I’d like to start with an addendum to the story alleging that the Azerbaijani government has ordered the closure of the local NDI (National Democratic Institute) office. As reported on this site yesterday, NDI had issued a denial that they had been told to cease operations. I didn’t weigh in on the matter, and will talk to NDI on Monday when their New York office opens after the weekend.
However, there are three factors to consider when evaluating the version of events propounded by NDI.
One is the curious wording of the release:
NDI is looking into this issue in consultation with the U.S. Embassy and representatives of the government of Azerbaijan and hopes for a prompt resolution.
What “issue”? “Prompt resolution” of what? Perhaps NDI will shed light on this on Monday.
Secondly, the original story from RFE/RL claims that on 7 March, “the head of NDI’s Azerbaijan agency Alex Grigoriev was called to the Ministry of Justice and given a letter of notice about the office being shut down.” This article has since been pulled from the RFE site and replaced with the denial from NDI. An English translation of the original piece by Khadija Ismayilova can be found here.
Finally, on 10 March, three days after the letter was given to NDI by the Azerbaijani Justice Ministry, the same thing happened to Human Rights House, a Norwegian NGO. They have stated quite unequivocally that the Ministry has ordered Humans Rights House to shut down their operations:
On 10 March 2011, the Ministry of Justice of the Republic of Azerbaijan ordered the Human Rights House Azerbaijan, partner of the international Human Rights House Network, to cease all activities immediately. According to the Ministry of Justice, in the future the Human Rights House Azerbaijan will be allowed to carry out activities only upon prior agreement with the State. The Human Rights House Network believes this measure is part of the escalated repression of the civil society in the last few weeks, in connection with the calls for pro-democracy demonstrations in March 2011.
Go here for HRH’s analysis of the situation.
In other news, Azerbaijan’s Musavat Party staged a protest rally today in downtown Baku. Hundreds of participants gathered for the unsanctioned demonstration, and according to Musavat, some 40 protesters were arrested. An admirably detailed account can be found here at Radio Free Europe/Radio Liberty.
The Musavat rally was the second event in two days, but this is not to suggest that the “opposition” actually has a coordinated, coherent plan, a conclusion that is supported by commentary from a number of observers as well as Popular Front leader Ali Kerimli here a few days ago. What appears to be happening in the last year or so is that the formal opposition parties, especially the Popular Front and Musavat, are losing momentum and relevance as a result of concerted actions against them by the government as well as bickering within the two parties and a lack of direction.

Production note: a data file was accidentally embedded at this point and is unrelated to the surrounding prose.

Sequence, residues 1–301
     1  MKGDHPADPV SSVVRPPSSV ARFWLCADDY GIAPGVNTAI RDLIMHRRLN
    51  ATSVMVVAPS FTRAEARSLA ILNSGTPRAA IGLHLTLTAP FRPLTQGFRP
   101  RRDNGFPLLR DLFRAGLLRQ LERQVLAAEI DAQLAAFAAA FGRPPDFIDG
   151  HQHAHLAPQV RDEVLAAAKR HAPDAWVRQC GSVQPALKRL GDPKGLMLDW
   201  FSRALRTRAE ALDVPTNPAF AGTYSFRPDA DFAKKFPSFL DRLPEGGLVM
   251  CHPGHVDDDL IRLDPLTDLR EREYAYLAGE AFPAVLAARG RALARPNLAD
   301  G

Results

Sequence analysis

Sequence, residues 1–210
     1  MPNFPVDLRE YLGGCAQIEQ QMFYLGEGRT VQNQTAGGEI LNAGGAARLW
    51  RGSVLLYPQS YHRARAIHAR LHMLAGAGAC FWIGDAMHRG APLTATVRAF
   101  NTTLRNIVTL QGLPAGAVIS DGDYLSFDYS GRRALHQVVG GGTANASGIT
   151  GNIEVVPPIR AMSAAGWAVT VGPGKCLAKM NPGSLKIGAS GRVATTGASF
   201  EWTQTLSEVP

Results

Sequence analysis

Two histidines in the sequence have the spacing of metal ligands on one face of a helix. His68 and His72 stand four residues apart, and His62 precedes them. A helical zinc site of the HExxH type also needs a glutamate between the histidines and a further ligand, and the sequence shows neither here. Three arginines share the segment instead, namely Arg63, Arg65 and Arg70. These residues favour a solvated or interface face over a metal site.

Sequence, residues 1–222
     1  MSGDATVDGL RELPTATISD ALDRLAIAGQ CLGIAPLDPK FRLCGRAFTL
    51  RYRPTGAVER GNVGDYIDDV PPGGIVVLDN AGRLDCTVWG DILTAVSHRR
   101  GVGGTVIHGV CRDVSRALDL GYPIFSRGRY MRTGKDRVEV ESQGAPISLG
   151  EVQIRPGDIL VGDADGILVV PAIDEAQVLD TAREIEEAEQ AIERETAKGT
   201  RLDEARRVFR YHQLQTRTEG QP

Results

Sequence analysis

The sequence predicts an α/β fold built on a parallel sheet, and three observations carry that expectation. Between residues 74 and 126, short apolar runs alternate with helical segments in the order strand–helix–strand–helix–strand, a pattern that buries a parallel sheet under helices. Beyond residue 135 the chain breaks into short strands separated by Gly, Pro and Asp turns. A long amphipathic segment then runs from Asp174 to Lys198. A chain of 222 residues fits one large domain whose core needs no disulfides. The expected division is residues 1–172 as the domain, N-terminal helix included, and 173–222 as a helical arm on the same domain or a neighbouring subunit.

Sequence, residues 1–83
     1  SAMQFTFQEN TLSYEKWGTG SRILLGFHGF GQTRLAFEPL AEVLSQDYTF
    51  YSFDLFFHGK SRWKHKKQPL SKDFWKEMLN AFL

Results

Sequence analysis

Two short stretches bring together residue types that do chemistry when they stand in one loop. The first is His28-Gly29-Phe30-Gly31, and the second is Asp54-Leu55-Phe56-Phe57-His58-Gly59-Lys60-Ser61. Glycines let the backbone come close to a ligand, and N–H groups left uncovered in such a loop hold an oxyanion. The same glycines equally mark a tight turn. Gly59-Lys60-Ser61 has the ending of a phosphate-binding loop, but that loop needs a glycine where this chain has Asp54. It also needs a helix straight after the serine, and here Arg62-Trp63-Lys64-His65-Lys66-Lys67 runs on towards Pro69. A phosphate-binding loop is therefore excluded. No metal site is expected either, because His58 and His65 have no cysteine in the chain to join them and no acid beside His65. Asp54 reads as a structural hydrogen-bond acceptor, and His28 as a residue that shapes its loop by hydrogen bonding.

Thus, the 11 March Great People’s Day was for some a refreshing grass-roots effort, organized on facebook and leapfrogging the opposition party hierarchies. But I don’t see much momentum from the 11 March organizers either, and the putative similarities between Azerbaijan and Libya, for example, are difficult to see despite the now-famous “Revolting Index” created by Alen Mattich for the Wall Street Journal.
Using three criteria—social unfairness; propensity to revolt; and the cost of food relative to income—Mattich comes up with a list of countries with a greater or lesser propensity for civil unrest. Into the mix are measures such as the Gini index, Transparency International’s corruption ranking, and median age.
The results are impressive but with some surprising anomalies. And even Mattich would admit, I think, that the tool is somewhat crude. (But so is the “youth bulge = social unrest” rule that I use in my international relations classes.)
At any rate, here are the ten world hot spots (with the ranking on a 100-scale of potential unrest) according to the Revolting Index:
Azerbaijan is number 10. But Libya isn’t on the top ten. Also missing are Egypt and Tunisia. (Libya is #13, with Egypt #16. Tunisia is #21, behind Georgia, coming in at #18.)
Reuters Editor-at-Large Chrystia Freeland and her colleague Peter Rudegeair came up with a similar index. See Freeland’s piece at Reuters here or the identical article at the New York Times here. They used four factors: “political freedom (on the grounds that democracies don’t usually require popular rebellions to achieve regime change), corruption, vulnerability to food price shocks and Internet penetration.” The article is a fun read, and Freeland discusses a number of theories and other variables that might have gone into the mix.
Freeland and Rudegeair’s ten most vulnerable countries are:
So Egypt and Libya made her top ten, but Azerbaijan is number 3, right after Sudan and Nigeria.
More in the next week on the increasingly tense situation in Armenia and the news from Georgia…